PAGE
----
Whenever a buyer purchases a product, whether it be industrial, wholesale, or over-the-counter, one of the most important factors is lead time.
The fastest manufacturing and delivery services are always in high demand, and leaders from all levels of business are interested in providing faster lead times. It can be tricky, though, when your company is a distributor.
A manufacturer can always implement lean manufacturing methods to increase lead times, but what if your business relies on other manufacturers to provide products for customers?
Working with suppliers can be expensive and time consuming if not done carefully.
Manufacturers who create precision parts, for instance, need accurate part drawings. Any inaccurate, vague, or missing information can result in delayed production. If change orders are needed, they are costly, and are often deprioritized by manufacturers who have other jobs to work on.
Ultimately, if the wrong supplier or combination of services is chosen, it can cause drastically increased cycle time. To avoid this scenario, it’s important to ask suppliers the right questions.
Here are a few that can help any distributor increase their lead times and, therefore, their productivity:
Do you regularly do this sort of work?
While this question may sound generic, it is very important. It is relevant to any type of work that could be submitted to a supplier. A great deal of manufacturers think of themselves as “jacks of all trades.” They value flexibility, and offer as many services as possible. However, most manufacturers and suppliers excel at only a small group of processes. Their extra processes can be slow and sub-par. By finding out what they have done for the longest time, you can discern the best candidate for your project. It’s especially important when dealing with exotic materials such as Inconel or Hastelloy—small machine shops may not have the tools or experience to cut these very strong substances.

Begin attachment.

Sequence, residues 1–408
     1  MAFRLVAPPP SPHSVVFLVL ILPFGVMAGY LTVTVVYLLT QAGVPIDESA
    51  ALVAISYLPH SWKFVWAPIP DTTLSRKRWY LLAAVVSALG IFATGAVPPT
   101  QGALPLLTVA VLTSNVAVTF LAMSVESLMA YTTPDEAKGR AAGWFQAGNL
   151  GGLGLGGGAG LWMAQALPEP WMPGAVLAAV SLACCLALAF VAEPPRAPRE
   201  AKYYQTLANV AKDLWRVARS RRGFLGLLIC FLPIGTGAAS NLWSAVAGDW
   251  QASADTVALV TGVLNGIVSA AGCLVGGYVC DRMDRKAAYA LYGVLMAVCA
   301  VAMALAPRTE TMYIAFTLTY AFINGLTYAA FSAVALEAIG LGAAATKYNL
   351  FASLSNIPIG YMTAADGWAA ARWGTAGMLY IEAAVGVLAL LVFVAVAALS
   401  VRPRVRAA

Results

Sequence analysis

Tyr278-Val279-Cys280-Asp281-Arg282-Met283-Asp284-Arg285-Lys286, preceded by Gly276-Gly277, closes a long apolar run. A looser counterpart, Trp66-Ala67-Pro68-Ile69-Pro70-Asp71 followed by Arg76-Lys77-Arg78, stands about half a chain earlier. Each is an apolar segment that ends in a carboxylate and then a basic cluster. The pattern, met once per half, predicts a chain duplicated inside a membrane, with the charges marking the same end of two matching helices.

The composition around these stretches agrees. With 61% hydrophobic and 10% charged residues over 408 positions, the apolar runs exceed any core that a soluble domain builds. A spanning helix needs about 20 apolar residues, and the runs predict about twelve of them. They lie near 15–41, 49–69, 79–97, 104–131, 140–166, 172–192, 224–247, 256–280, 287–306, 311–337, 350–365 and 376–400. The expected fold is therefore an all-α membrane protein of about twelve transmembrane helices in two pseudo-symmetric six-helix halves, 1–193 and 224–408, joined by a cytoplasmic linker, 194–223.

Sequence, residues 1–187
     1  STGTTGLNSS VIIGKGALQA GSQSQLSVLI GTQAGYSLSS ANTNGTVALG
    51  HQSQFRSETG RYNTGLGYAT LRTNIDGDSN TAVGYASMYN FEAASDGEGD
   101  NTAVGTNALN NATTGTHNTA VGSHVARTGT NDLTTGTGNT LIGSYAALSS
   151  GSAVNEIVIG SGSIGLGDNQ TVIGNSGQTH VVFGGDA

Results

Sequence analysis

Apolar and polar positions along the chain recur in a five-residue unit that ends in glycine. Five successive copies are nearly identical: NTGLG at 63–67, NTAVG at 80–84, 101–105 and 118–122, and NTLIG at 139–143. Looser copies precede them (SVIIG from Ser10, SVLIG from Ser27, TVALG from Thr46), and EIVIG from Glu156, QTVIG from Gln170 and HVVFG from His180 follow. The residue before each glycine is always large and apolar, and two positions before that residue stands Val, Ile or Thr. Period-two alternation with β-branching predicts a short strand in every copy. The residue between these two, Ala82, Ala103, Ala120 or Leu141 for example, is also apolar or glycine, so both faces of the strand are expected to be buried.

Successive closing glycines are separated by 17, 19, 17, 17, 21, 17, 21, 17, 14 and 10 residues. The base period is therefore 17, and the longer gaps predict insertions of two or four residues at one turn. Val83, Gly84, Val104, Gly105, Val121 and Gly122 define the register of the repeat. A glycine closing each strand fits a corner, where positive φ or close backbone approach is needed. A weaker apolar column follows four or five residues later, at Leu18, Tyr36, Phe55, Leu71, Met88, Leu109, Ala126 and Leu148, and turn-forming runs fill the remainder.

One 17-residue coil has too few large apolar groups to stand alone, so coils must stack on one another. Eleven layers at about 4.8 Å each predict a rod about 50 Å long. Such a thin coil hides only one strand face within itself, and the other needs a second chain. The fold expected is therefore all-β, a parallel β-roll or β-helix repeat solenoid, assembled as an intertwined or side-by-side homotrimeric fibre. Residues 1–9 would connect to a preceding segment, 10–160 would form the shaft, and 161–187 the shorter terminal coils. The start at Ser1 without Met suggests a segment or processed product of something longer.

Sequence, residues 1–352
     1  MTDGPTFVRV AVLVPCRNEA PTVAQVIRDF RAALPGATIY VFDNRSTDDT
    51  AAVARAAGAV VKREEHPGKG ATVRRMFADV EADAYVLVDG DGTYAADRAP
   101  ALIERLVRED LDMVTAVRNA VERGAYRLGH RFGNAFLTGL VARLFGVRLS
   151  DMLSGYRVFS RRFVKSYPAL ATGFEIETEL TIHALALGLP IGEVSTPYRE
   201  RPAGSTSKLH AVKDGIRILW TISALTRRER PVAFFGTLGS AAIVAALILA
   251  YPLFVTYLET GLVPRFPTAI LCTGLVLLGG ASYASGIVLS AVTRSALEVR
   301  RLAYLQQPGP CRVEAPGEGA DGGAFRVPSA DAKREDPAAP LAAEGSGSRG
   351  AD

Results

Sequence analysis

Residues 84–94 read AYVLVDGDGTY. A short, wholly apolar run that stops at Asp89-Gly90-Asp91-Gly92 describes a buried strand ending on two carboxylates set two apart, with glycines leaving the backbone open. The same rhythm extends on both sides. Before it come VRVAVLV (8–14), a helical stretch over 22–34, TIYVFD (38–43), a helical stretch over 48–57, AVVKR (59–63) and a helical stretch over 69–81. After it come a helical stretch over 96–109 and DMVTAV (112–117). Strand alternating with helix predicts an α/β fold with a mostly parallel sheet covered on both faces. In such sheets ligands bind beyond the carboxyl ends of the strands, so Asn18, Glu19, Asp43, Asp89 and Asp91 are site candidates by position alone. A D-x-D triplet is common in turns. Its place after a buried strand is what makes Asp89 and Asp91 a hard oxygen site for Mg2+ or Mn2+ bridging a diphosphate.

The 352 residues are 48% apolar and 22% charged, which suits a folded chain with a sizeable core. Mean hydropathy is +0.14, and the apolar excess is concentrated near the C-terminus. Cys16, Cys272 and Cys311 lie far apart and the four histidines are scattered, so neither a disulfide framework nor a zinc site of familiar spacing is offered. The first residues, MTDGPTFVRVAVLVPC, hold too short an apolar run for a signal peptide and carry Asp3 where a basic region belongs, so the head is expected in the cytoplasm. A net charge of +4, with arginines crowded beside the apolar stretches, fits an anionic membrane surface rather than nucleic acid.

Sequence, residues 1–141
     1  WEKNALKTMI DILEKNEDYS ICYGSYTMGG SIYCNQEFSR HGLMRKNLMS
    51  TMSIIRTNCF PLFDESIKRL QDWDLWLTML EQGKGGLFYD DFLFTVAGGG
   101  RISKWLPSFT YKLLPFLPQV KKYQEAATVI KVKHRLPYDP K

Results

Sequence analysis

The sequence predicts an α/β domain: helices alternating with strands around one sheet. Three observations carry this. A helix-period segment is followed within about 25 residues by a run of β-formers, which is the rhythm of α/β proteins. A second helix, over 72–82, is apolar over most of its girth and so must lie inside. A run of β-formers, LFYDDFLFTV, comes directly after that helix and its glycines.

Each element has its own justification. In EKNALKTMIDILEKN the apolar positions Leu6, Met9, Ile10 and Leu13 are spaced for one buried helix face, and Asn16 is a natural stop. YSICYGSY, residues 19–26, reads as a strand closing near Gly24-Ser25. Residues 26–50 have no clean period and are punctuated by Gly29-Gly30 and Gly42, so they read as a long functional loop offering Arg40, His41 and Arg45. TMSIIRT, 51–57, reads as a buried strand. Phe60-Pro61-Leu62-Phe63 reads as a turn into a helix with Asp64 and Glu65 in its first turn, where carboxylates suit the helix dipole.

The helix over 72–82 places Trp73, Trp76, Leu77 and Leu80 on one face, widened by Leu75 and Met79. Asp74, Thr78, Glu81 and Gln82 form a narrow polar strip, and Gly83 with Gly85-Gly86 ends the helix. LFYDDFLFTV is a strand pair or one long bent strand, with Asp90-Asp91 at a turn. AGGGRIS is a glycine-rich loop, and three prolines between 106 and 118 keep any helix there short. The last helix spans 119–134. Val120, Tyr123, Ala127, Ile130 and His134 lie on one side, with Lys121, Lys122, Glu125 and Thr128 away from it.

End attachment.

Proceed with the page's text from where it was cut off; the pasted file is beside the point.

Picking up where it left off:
Is this procedure done in-house?
Many manufacturers advertise that they can perform a wide range of procedures, but actually use a third party to do the work. Hidden subcontracting should be avoided. If a company needs to ship a project to a third party for plastic molding, for instance, it will add considerably to the effective cycle time and also increase variables that could possibly halt a job. The best way to ask this question is to be very specific. Don’t direct the question at the entire job, but at each step that is needed to complete it (i.e. “Is the molding, machining, electroplating done in-house?”).
Have you reduced your average cycle time?
Efficient manufacturers and suppliers want to decrease their lead times, too. A company that dedicates themselves to this goal cares a good deal about improving their efficiency and productivity. If a manufacturer has a goal of reduced cycle times, they will have a defined reduction plan in place. Plans of this nature aim to reduce the time it takes for material delivery, supply, tooling, changeovers, and administrative work. If a company balks when you ask this, avoid working with them
How often are you on time?
This is perhaps the simplest question of all—and yet, the answer may not be straightforward. Many companies advertise highly attractive lead times, but how can you tell if these numbers represent reality? The best suppliers will have hard statistics to back up their lead times and can give you concrete answers to how often they finish their projects on time.
By asking these questions, a distributor can get the best sense for how long a job will take. Learning the above information will also direct buyers to companies that fulfill their orders quickly while maintaining the highest quality. It takes the guess work and difficulty out of the equation, and gives distributors an edge over their competition.
At American Industrial, we blog about more than just improving lead time. Come join our discussions about manufacturing, materials, and the metal stamping industry here.
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